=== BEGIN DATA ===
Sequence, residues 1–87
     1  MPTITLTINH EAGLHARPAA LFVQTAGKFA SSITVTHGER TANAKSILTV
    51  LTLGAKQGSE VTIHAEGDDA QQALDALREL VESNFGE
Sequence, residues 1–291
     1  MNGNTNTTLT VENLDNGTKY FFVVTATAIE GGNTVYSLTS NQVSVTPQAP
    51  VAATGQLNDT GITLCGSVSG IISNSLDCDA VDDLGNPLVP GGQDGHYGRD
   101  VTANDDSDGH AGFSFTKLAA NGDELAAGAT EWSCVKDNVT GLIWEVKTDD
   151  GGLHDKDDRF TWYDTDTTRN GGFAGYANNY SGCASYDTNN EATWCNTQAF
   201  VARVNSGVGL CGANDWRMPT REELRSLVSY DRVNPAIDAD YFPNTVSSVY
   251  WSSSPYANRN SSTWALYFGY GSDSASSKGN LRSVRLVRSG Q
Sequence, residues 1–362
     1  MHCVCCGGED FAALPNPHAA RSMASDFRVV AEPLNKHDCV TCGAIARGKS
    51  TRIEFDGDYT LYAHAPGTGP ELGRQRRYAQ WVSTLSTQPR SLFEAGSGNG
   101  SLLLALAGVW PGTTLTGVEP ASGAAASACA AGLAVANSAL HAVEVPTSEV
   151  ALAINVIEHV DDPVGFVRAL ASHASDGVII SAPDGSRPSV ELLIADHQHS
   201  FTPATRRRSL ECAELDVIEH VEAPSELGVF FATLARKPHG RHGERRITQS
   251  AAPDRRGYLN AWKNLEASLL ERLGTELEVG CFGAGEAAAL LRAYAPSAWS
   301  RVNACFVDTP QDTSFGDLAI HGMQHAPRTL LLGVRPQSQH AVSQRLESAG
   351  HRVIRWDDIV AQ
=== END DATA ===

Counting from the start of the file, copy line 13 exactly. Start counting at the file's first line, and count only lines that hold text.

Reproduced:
    51  TRIEFDGDYT LYAHAPGTGP ELGRQRRYAQ WVSTLSTQPR SLFEAGSGNG